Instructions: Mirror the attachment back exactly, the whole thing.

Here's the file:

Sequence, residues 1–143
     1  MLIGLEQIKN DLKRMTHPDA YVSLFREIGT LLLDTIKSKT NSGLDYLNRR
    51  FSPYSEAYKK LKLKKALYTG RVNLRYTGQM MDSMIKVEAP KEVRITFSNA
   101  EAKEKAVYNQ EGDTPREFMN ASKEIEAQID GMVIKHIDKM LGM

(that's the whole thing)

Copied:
Sequence, residues 1–143
     1  MLIGLEQIKN DLKRMTHPDA YVSLFREIGT LLLDTIKSKT NSGLDYLNRR
    51  FSPYSEAYKK LKLKKALYTG RVNLRYTGQM MDSMIKVEAP KEVRITFSNA
   101  EAKEKAVYNQ EGDTPREFMN ASKEIEAQID GMVIKHIDKM LGM